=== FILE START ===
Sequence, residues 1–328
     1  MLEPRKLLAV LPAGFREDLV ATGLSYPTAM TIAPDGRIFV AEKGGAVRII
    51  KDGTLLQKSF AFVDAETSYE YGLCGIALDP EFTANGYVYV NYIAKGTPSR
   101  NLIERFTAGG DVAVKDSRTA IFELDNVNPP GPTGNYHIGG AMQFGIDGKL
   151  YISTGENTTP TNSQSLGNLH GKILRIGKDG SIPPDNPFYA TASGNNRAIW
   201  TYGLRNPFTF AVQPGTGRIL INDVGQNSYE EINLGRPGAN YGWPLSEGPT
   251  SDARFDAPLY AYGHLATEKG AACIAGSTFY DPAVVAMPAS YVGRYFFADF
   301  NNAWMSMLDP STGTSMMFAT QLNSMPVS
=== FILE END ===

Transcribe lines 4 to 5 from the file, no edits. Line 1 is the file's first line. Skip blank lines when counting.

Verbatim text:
   101  NLIERFTAGG DVAVKDSRTA IFELDNVNPP GPTGNYHIGG AMQFGIDGKL
   151  YISTGENTTP TNSQSLGNLH GKILRIGKDG SIPPDNPFYA TASGNNRAIW